Never mix personal life with professional life. Now in my experience as an English teacher, I have done that and when I did, it made the situation kind of uncomfortable because I was having role confusion, and it can be very difficult to manage in a work-business setting that’s profit driven, that’s productivity driven, and that’s based on tests. So, having that kind of role confusion does kind of seep and bleed and mix in to the work you’re doing and can create unnecessary distraction from what you’ve set out to do in your school environment.
Not to mention the fact that you are also relying only on a select group of people which limits you to the wider community that’s available to you. And I’m in agreement with the author Dan Kennedy on this particular idea, which is that one is a dangerous number, one at anything is a dangerous number. Having one friend, having one school, having one line of skills, having one business, I think one is a very difficult number.So diversify your portfolio today! I mean it worked for Warren Buffet, right?
So, if you only have one social network and that social network is the school, then you’re putting yourself at risk of losing it all and being at the mercy of the one community that’s feeding you. I really don’t advocate that kind of fragile balancing act that you often do when you’re mixing personal and professional life.It’s just waaaay too risky. Make like the bisexuals and increase your options for a date. You’ll be able to breathe that much more easily!Plus your pickings go from slim to huge!
Mixing your personal life and work is not the best idea because it effects your productivity in the work you’re doing. It also makes things kind of awkward. Like a personal issue that you have with somebody will tend to gravitate into your working environment. Even when hanging out, people will try to pretend that you drinking on the weekend didn’t happen and that you didn’t put your underwear on your head or whatever it is that you do on the weekend. Just like the song, you gotta keep em separated.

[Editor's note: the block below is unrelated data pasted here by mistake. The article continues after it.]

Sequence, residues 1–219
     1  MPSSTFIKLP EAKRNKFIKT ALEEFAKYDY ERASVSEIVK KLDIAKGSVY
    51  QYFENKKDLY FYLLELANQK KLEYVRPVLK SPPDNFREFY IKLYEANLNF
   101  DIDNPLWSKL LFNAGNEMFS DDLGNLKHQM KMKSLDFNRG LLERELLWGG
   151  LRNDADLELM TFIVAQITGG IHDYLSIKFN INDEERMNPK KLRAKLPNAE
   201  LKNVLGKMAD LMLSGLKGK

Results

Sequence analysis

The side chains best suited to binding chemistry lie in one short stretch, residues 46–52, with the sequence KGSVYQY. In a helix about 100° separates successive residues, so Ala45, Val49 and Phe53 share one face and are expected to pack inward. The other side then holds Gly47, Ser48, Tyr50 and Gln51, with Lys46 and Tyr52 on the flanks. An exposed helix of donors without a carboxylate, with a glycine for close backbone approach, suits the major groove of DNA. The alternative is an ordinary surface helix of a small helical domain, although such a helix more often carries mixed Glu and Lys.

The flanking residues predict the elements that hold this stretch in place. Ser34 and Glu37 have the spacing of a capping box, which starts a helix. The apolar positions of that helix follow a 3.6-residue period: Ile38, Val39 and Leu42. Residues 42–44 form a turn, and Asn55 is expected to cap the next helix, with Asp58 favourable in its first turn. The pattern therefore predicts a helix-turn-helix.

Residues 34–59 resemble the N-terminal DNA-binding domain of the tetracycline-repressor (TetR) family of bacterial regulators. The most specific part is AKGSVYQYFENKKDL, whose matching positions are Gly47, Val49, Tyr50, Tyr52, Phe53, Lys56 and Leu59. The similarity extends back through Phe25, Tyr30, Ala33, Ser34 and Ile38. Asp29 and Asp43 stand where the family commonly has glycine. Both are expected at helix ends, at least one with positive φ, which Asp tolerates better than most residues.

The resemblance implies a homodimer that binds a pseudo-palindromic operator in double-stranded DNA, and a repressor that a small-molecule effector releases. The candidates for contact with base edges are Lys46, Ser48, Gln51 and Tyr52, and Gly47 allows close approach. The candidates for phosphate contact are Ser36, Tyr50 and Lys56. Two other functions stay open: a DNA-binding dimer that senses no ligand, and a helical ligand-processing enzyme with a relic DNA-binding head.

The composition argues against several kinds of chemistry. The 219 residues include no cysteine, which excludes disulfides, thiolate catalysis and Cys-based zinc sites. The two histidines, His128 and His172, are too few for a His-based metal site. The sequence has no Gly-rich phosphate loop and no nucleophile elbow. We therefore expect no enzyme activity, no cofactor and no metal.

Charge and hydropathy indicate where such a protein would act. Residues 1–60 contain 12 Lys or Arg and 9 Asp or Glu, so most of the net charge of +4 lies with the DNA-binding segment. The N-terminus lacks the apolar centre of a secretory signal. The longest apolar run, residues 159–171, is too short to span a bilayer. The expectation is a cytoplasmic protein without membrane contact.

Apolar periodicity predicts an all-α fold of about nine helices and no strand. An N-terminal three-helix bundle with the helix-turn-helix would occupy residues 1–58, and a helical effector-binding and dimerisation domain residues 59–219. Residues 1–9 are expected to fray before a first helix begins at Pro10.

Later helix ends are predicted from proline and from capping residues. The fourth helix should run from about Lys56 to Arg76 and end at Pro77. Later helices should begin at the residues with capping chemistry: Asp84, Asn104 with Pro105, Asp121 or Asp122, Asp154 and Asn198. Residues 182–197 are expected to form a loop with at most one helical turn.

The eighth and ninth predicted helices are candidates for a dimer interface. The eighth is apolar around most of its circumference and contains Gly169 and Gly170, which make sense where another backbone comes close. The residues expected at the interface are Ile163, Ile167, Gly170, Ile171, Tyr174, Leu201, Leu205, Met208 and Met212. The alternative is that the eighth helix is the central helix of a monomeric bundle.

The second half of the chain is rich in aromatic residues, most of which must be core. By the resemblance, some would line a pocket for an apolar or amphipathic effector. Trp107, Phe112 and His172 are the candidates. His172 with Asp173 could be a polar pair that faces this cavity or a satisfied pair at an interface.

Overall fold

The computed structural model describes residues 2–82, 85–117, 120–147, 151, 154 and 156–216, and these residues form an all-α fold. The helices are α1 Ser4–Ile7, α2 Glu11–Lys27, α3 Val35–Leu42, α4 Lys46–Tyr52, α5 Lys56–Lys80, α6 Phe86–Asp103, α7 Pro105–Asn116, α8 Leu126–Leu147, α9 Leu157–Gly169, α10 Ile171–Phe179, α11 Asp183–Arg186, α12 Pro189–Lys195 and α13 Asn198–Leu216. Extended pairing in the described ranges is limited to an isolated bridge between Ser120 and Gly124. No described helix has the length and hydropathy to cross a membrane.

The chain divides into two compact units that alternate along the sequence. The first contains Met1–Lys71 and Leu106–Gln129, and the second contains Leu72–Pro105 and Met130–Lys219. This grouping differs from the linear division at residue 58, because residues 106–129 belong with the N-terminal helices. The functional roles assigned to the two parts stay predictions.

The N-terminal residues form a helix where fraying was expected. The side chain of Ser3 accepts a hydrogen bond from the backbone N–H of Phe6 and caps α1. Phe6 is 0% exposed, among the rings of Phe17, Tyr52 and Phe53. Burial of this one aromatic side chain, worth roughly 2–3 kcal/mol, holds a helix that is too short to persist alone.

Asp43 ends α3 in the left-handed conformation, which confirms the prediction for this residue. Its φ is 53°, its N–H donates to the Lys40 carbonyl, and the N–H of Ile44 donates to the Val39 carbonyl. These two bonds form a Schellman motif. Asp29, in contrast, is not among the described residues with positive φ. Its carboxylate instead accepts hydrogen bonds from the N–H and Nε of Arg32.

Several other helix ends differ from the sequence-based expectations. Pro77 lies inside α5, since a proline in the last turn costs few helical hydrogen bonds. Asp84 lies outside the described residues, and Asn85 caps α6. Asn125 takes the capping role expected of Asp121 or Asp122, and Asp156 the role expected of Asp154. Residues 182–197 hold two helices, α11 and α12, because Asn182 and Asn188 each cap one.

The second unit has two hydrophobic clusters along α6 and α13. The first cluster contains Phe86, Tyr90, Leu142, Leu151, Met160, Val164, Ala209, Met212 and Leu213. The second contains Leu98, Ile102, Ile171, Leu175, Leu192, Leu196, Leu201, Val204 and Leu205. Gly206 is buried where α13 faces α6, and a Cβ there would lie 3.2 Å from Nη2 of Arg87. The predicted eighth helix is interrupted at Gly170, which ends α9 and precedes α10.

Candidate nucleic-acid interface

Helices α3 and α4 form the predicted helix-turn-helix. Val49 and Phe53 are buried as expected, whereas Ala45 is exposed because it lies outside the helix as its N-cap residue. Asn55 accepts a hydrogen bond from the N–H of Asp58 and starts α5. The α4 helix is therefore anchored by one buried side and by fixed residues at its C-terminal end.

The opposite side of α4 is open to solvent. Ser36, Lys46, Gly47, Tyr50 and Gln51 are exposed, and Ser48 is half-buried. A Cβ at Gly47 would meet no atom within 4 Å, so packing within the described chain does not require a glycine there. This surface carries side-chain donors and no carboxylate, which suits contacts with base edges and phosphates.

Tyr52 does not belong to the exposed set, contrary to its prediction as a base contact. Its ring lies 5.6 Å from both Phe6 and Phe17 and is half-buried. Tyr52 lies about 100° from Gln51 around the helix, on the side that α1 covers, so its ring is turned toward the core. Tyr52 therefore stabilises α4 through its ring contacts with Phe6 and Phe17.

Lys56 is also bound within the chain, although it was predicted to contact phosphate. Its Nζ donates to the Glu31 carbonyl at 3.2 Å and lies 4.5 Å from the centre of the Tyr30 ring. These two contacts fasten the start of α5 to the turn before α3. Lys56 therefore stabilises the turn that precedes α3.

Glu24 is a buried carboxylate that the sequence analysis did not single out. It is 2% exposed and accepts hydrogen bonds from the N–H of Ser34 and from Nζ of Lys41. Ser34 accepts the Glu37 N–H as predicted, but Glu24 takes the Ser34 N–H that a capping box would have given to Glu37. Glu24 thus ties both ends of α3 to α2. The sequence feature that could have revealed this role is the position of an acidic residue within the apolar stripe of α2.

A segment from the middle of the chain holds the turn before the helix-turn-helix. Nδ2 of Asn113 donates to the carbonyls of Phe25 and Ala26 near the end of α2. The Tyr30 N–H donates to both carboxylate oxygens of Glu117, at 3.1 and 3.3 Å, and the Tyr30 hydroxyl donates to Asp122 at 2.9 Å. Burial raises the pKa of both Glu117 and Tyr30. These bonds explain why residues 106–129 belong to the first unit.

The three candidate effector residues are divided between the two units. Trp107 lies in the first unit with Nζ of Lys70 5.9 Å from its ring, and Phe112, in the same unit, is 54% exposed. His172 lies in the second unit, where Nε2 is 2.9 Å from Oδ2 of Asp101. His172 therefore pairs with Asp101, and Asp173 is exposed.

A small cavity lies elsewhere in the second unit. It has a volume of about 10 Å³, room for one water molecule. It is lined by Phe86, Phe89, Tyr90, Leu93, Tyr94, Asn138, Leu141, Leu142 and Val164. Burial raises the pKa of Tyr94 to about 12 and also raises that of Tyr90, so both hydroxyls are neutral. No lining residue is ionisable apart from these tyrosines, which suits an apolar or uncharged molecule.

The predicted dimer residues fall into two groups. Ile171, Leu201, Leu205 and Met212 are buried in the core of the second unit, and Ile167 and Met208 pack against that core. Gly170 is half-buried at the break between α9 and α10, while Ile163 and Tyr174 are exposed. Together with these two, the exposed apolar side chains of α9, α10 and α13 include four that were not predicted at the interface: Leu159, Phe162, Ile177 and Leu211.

There are many things that can lead to an uncomfortable situation, especially because people talk like gossip and news travels, and so your reputation travels with the people you work with and that you socialize with. Sometimes people will find out that you’re not really an English teacher, that you’re just a college graduate holding up pictures of the alphabet and having people repeat those. It happens! Not to me but you know “other people.”
The more you socialize with your colleagues and the more involved you get with them, the riskier you get with the behaviors you initiate and indulge in that could eventually come back to you in ways that are adverse. And we’re not even talking about you sleeping with your colleagues, which is a definite no-no. don’t swim in the company pool, take it to the community pool and get a better swim.
Even just the harmless “dinner night out,” can lead to conflicts of interest. Mixed signals are worse than straight yes or no. Trust me on this one.
So, those are all reasons why I don’t recommend mixing your professional and your personal life. Trust me, you can make many more friends and open up your life a lot more with people outside of work. Having friendships is valuable, just don’t make them with people who could fire you for insubordination. I mean who want’s that kind of pressure from your boss! Can you say “Awkward?!”
Todd Squitieri holds a BFA from New School University and an MA in Applied Sociology from William Paterson University. He has taught in over 5 countries, and currently resides in Da Nang, Vietnam where he is writing a book about his experiences.